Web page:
A Cole County judge has dismissed the lawsuit alleging the state Senate was violating Missouri’s open records and meetings law.
The suit accused the Senate and three senators of violating the Sunshine Law by keeping liberal advocacy group Progress Missouri from videotaping some Senate hearings. The Senate countered that the state Constitution gives it the authority to set rules for its hearings, including rules to control who records.
Cole County Judge Jon Beetem said the Senate is operating within the powers granted to it by the state Constitution, and it is up to the courts to protect that authority.
“The inquiry ends here,” Beetem wrote.
Beetem further said there is no right granted by the U.S. Constitution to “personally” record or photograph open government meetings.
Progress Missouri is “considering its options.” Director Sean Nicholson called the dismissal disappointing.
“We don’t think that the Senate should be able to ignore the sunshine law or any other valid law, for that matter,” Nicholson told Missourinet.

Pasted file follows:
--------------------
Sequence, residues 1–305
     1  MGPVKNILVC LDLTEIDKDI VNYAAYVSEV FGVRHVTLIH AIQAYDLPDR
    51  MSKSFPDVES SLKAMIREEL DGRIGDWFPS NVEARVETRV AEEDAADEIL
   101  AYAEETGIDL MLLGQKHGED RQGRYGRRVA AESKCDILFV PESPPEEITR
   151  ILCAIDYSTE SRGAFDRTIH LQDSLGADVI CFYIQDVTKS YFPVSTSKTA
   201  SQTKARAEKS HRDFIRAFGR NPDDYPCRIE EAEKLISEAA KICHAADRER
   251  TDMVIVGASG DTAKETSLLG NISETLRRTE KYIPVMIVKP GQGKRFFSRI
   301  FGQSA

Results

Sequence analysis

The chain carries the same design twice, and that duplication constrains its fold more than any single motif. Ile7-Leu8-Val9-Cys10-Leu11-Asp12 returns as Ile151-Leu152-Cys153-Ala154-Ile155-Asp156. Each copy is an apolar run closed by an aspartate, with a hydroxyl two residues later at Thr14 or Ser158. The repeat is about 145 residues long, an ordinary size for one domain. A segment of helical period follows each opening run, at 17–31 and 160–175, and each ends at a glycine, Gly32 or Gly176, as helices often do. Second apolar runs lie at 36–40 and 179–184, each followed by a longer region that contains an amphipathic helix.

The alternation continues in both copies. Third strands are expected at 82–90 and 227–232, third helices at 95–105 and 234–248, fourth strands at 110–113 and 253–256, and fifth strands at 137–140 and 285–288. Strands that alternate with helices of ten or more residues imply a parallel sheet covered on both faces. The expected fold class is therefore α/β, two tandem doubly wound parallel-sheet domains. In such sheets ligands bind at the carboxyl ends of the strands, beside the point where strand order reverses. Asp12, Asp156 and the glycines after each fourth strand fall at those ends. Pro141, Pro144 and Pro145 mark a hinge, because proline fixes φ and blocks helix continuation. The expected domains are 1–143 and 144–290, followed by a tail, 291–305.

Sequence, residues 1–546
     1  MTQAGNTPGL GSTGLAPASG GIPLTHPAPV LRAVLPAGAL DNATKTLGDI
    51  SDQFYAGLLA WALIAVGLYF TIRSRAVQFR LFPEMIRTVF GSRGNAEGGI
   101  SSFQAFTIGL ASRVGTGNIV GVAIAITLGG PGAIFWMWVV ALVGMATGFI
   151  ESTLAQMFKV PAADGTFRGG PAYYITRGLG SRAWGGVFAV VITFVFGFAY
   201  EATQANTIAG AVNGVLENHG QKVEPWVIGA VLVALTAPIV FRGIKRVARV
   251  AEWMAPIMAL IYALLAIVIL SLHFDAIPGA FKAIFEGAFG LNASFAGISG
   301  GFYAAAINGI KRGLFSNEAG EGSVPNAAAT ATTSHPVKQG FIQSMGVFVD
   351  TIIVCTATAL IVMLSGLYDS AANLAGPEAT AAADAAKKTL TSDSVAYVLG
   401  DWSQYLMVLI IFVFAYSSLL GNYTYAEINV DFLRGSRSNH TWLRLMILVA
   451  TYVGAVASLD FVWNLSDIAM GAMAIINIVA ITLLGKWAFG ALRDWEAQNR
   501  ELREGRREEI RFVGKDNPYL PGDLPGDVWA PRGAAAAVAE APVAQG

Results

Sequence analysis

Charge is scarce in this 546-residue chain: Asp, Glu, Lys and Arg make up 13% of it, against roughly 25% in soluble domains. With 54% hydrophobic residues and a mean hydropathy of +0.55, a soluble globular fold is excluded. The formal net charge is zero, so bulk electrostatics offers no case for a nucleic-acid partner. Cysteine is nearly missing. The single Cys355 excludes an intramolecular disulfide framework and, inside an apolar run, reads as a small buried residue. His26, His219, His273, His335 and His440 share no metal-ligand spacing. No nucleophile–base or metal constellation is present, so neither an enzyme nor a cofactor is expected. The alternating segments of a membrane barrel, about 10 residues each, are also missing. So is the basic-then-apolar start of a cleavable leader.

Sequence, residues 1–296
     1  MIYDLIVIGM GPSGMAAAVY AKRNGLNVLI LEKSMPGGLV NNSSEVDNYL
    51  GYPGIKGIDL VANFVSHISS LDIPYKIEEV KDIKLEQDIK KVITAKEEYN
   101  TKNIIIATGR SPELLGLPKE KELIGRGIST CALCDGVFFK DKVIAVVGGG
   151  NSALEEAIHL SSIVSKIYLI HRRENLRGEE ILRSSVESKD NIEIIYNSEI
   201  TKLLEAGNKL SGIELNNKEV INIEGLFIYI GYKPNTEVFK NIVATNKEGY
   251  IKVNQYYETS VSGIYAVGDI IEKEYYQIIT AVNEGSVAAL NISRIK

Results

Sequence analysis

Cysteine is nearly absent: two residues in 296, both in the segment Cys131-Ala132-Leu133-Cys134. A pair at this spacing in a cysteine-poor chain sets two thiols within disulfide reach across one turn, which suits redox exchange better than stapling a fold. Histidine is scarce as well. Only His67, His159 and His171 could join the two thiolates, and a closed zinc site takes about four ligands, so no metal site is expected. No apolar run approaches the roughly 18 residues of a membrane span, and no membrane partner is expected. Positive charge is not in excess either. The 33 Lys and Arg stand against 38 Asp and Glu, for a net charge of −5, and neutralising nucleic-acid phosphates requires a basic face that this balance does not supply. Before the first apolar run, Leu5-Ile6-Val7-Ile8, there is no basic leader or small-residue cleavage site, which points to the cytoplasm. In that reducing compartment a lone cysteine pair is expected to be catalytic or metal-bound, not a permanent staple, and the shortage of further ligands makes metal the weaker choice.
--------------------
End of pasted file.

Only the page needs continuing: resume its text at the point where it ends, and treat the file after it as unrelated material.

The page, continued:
The state Senate’s Republican leadership issued a statement in response to the dismissal.
“We are pleased with the judge’s decision to dismiss the case,” the statement reads. “Missouri’s Constitution establishes three coequal branches of government, the legislative, executive and judicial. The Constitution also allows the Senate to adopt its own rules relating to its internal proceedings. The judge’s decision appropriately recognizes the authority of the Senate. All Senate meetings are open to the public.”
Nicholson said in some senses, the lawsuit has already been a success from his perspective.
“Senator [Mike] Parson, for instance, has announced a change in policy in how he’s going to be conducting his hearings,” said Nicholson. “Earlier this year he stopped all still photography, all videos, from the press and from members of the public in his hearing, and he said he’s going to change his way.”